Whitesburg KY
Sunny
Sunny
66°F
 

Winter food was canned, dried, or cured in salt



As the evening of time slowly drifts my way, I find myself wanting more and more to write about times gone by.

As I have stated previously, there’s no way I would want to relive my childhood, even if I could, because there are not very many good memories back there.

There were four of us stepchildren, and about all we did was exist from day to day, with no hope of things getting any better. By the grace of God, we reached adulthood without getting beaten to death in the meantime.

Back then, we raised most of what we ate, except for a few essentials we had to get from the store. We didn’t have electricity until I was six or eight years old, and the only way we had of preserving our winter’s food was by canning, drying or curing it in salt.

We ate a lot of wild game to go with our other foods. We ate such things as squirrel, ‘possum, groundhog, yellowhammers, rabbit, pheasant, grouse and quail. We ate whatever Dad could kill, but I’m afraid I would have to get awful hungry today to eat a ‘possum. As a young’un I thought it was awfully good, but greasy.

If we were lucky enough to catch a mess of fish we ate them that day because we had no way to keep them.

There were all kinds of wild greens we ate, and I can still remember some of them and like to eat them, but I have forgotten many of them too.

If we caught a ‘possum in a trap, Dad would take it behind the house while holding it by its hind legs until its neck broke. To prepare it after it was skinned, it was cooked for awhile and then fried with lots of black pepper and some salt. Sometimes a piece of spicewood was added while it was cooking, just for taste.

Needless to say, we didn’t get many pheasant, yellowhammer, grouse or quail because they were harder to get. I haven’t heard a yellowhammer hollering in many years because strip mining has destroyed much of their habitat, and they have moved elsewhere.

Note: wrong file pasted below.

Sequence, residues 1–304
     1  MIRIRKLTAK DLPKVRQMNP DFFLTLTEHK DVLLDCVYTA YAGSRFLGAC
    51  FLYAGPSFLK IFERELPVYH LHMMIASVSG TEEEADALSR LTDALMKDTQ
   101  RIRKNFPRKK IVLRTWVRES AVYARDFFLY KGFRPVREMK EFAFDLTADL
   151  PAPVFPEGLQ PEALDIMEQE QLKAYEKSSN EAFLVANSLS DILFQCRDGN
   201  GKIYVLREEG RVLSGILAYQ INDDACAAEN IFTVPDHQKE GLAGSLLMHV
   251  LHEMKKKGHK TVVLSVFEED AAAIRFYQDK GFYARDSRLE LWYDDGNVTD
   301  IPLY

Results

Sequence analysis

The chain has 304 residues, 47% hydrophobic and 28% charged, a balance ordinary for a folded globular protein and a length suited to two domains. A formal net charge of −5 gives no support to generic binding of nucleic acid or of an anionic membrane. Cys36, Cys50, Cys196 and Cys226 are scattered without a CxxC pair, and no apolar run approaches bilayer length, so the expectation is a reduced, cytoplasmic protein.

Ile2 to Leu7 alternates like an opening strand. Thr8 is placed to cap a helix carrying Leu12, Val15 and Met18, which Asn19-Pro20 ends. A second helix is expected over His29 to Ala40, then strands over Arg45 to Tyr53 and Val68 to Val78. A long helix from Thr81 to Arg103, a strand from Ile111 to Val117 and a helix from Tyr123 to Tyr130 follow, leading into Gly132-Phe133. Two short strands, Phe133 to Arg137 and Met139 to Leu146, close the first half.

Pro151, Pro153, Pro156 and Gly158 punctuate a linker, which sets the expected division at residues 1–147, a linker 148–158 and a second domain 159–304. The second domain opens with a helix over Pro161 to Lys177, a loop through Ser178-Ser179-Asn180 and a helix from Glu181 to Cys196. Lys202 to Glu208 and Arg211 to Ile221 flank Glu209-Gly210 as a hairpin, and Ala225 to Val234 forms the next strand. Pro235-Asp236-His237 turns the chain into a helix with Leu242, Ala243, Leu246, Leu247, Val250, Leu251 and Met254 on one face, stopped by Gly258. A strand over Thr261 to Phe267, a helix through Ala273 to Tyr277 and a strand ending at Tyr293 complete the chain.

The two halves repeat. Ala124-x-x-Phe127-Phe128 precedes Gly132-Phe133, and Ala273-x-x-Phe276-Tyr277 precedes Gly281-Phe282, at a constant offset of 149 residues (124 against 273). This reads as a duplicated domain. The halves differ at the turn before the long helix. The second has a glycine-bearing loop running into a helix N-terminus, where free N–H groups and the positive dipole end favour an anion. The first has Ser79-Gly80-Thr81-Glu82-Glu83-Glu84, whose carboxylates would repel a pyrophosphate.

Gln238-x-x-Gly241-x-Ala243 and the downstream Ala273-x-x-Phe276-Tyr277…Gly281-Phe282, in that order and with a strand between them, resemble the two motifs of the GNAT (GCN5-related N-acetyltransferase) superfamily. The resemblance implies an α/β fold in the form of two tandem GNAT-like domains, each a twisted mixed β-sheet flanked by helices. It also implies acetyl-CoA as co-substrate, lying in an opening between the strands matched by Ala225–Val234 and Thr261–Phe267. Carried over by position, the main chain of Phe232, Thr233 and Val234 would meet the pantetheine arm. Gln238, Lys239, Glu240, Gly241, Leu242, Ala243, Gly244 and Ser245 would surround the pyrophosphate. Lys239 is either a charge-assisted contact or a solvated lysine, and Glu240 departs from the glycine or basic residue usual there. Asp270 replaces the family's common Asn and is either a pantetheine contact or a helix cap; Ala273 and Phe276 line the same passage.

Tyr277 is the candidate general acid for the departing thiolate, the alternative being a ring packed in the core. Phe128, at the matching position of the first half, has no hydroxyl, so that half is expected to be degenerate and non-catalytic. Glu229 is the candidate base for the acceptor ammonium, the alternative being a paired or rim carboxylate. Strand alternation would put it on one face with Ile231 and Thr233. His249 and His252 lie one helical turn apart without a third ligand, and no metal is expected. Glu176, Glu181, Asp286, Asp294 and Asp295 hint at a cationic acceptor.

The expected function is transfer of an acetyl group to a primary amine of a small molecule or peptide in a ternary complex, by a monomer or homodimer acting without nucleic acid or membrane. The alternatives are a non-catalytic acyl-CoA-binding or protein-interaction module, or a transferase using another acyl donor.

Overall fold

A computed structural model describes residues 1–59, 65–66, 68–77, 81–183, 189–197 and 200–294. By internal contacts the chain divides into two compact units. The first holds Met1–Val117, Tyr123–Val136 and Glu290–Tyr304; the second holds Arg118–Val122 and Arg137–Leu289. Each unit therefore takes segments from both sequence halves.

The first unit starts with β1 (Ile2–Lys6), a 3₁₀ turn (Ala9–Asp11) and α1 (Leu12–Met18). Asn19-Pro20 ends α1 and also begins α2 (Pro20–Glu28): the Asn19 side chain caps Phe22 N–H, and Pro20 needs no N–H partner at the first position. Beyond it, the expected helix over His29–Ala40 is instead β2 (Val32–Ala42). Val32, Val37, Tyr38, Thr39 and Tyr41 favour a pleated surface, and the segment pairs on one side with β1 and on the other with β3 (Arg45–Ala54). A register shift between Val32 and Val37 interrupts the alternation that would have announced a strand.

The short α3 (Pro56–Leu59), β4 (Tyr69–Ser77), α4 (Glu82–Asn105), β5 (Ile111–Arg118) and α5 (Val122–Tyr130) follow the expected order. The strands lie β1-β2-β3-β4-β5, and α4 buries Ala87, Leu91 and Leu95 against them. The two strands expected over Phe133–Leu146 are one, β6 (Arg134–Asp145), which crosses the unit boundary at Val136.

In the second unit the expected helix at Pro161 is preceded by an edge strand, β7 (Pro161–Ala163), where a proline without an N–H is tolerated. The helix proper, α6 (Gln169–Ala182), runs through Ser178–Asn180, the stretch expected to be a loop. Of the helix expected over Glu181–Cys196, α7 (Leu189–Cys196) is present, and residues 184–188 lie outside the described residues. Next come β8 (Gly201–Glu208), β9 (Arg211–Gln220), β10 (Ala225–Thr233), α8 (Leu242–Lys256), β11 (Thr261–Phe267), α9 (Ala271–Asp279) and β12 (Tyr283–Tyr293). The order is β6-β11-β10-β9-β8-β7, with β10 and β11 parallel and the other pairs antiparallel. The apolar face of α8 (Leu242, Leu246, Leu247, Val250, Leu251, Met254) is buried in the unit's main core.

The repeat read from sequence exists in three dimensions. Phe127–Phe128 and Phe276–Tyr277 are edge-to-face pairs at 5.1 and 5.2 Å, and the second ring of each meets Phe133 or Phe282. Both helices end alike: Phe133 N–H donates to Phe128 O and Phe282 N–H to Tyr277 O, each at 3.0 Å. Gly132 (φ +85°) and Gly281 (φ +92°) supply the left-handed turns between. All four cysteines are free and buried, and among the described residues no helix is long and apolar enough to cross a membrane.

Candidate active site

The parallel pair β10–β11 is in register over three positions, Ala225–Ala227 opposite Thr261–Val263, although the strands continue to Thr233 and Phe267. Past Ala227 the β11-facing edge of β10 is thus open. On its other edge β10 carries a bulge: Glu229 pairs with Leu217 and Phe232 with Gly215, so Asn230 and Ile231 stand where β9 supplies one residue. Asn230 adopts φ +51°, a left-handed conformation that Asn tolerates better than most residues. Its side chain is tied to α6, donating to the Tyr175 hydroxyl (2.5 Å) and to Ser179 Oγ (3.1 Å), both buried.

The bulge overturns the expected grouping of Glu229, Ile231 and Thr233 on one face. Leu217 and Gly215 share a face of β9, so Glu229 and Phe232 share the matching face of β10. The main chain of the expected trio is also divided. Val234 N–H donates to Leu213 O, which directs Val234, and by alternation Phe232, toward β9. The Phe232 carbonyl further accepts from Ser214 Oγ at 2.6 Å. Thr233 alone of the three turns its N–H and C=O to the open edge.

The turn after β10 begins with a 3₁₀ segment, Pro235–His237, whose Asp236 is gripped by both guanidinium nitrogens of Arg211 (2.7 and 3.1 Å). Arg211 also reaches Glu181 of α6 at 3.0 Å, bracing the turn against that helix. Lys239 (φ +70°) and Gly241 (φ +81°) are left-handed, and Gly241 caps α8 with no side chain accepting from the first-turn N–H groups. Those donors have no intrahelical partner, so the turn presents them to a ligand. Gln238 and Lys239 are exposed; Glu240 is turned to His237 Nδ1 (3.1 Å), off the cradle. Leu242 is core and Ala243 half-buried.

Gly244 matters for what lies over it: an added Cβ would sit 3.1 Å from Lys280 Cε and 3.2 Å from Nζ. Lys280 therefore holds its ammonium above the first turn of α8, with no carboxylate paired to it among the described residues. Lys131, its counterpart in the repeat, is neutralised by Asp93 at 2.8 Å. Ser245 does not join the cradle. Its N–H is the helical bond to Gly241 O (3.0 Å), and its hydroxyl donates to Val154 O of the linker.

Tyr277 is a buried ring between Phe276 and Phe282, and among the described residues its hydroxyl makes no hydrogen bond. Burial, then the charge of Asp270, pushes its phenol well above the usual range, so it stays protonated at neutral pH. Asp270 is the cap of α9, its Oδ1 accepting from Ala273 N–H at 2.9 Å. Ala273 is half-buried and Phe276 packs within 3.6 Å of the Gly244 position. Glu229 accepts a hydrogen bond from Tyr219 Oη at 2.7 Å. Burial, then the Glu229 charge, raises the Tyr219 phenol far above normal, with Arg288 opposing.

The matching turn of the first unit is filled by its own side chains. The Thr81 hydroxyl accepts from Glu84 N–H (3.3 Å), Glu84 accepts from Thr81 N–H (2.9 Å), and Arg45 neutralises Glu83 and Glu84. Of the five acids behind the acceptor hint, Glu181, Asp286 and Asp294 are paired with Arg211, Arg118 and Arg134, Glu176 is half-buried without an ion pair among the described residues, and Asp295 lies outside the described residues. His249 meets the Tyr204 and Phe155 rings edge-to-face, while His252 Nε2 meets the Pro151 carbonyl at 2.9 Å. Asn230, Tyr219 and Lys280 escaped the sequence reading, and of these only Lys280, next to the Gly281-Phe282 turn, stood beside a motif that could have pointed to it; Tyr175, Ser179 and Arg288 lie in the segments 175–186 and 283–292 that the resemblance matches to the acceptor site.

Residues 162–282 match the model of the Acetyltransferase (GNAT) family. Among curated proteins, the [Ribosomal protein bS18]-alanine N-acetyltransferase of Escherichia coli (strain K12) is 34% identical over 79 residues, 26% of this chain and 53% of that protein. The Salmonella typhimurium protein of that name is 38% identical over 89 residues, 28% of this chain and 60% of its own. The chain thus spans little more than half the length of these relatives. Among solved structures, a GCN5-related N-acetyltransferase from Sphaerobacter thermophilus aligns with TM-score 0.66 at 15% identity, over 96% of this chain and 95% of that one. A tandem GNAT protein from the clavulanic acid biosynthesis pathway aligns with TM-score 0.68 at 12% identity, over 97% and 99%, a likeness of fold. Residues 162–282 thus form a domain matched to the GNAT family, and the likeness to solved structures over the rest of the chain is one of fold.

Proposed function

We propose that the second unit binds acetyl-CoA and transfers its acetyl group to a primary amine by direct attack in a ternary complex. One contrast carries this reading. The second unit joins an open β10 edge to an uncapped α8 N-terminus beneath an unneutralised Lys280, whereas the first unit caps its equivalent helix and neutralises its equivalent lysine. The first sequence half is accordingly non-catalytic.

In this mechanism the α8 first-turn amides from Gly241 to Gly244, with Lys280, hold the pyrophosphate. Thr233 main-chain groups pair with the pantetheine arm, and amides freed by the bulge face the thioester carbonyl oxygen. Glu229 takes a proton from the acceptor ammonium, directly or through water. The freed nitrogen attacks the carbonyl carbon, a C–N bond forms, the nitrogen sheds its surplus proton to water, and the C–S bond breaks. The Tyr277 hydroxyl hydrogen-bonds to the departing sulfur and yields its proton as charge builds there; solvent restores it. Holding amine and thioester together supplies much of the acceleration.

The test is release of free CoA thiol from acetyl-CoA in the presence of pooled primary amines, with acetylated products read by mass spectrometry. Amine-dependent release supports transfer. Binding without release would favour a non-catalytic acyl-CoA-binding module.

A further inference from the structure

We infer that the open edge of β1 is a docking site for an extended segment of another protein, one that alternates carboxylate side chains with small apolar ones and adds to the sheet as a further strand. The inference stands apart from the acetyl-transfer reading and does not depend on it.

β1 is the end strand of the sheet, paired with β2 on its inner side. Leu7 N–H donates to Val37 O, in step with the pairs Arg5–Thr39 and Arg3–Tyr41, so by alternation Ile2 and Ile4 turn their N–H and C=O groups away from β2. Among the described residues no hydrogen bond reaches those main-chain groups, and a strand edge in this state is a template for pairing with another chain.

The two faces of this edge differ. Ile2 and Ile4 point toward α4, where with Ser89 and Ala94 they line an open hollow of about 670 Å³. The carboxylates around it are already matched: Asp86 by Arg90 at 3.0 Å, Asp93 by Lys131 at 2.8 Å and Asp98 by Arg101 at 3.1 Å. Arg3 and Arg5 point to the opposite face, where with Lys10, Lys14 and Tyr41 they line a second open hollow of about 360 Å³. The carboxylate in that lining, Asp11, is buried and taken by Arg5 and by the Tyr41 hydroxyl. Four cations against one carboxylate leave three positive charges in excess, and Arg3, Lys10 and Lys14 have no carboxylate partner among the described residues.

But I do remember how good yellowhammer gravy was, because there was nothing like it.

Sometimes we would have a cow and a hog, and we always kept chickens. We had an old cow one time, and it had big, long horns, and I was scared to death of it.

When I had to give it some hay I would go the backside of the barnyard and throw in some hay, and then run like mad and put the rest in the barn before she figured out what was going on, because she would come running.

I really don’t know if she would have hurt me or not, but I wasn’t taking any chances.

I always liked to slop the hogs, I guess because they were so messy. We never did have a horse. Dad would always borrow Aunt Callie Back’s horse, Old Silver, and Dad, in turn, would do something for her in exchange.

I could do a lot with a horse, such as using a sled, a wagon, or logging, but I only tried to plow one time and I think I sweated more than the horse did so I gave up on that idea. It looked easy, but on the hillside there wasn’t anything easy about it.

I always liked to take care of chickens and gather the eggs, but the last chickens I had, I’ll bet I had $3 in every egg I got from them.

And that’s enough from the funny farm until next time.


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